The sport of athletics truly lies in tatters. An extraordinary World Anti Doping Agency’s (WADA) report has confirmed systemic institutionalised doping involving Russian athletes, coaches trainers, doctors, bureaucrats and even the secret police. The commission goes on to strongly recommend that Russia be blocked from participating in the 2016 Rio Olympics till the countries anti-doping controls are rectified, and that 5 athletes and 5 coaches should be banned for life. The inquiry also recommends that the anti-doping lab in Moscow should lose its accreditation because it indulged in “intentional and malicious destruction” of more than 1400 blood and urine samples despite WADA’s formal notification to preserve them.
The report has noted lapses of action by the International Amateur Athletics Federations and the Russian Anti-Doping Agency leading to the London Olympics in 2012 in conjunction “with pursuing suspicious files” and as a consequence of widespread inaction the London Olympics were in effect “sabotaged” by permitting identified dopers to compete in a stadium built by ore than half a billion pounds of tax payers money. The WADA commission investigated allegations of institutionalized doping in Russia by a German documentary beamed in December 2014.
The French police have recently arrested Lamine Diack, the former IAAF president for 16 years for accepting $1 million in exchange for concealing positive drug tests. The IAAF legal-adviser Habib Cisse and the former head of the IAAF’s anti-doping unit have also been arrested. Dick Pound (chairman of the 3 member WADA committee) said he was holding back part of the WADA report that “identifies corruption and bribery practices at the highest levels of international athletics, evidence of which has been transmitted to Interpol for appropriate investigation.” Interpol has declared that it was conducting an ongoing investigation into the “alleged global doping corruption scam”.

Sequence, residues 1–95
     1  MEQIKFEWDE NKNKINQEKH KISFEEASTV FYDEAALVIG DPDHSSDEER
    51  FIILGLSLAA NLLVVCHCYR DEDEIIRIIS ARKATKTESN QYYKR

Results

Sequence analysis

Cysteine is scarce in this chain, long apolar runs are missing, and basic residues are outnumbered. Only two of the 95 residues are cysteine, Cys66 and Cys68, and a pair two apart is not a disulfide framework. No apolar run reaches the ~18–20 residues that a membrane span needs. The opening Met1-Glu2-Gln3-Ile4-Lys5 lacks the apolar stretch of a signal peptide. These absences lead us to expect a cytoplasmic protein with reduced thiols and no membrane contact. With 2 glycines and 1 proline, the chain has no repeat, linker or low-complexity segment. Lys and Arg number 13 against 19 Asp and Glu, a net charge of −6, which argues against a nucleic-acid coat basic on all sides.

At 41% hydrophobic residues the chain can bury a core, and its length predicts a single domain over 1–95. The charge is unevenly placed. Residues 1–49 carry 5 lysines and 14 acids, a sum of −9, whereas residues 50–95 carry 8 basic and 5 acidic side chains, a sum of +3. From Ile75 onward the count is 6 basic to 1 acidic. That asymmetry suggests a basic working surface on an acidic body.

It is clear that Russia is not the only country and athletics is not the only sport with a doping problem. It was always well known that America’s “greatest” athlete Carl Lewis failed 3 teats during trial for the 1988 Olympics but US officials covered this up. The US Olympics Committee denied then that 114 positive tests had been routinely washed down sinks to “protect” the sport. Russia won 81 medals in the London 2012 games; 24 of them gold of which 17 were obtained in track and field.
The exhaustive and often repetitive WADA report unearthing rampant global doping, however, has almost exclusively concentrated only on Russian athletics despite acknowledging that the cancer has spread worldwide. India, astoundingly, despite being one of the top offenders is not mentioned at all in the report. Turkey second to Russia in number of anti-doping violations merits just one page in the more than 325 page report. But Indian athletes plus officials would probably need to be fully prepared to face an Interpol inquiry because India.
Numerous Indian athletes despite extensive cover up by coaches and officials have been exposed and penalized for using PED’s. The Indian Olympic Committee strangely has always had a fascination for coaches from Eastern Europe and methods employed are crude and easily detected. Anabolic steroid injections and pills are freely available over the counter in India and it is not uncommon to spot used injections lying around during important athletic competitions across the country. It is imperative that the media informs the Indian public of the international embarrassment we face by the expose of the WADA report. Today’s national dailies expectedly carry front-page headlines of N. Srinivasan’s sacking by the BCCI whilst leading international newspapers are loudly reporting on the scourge of doping in athletics. The Indian sports minister needs to take a long hard look at cheating by Indian sportspersons if not for the image of the nation for the concern of an Interpol probe. A list of Indian sportspersons embroiled in doping can be easily googled but this merely is the proverbial tip of the iceberg. Sooner than later WADA will turn it’s attention to India. Governance should not be confused with business and winning cannot be at the cost of kickbacks to corrupt coaches and officials. The Russians did that to their eternal shame.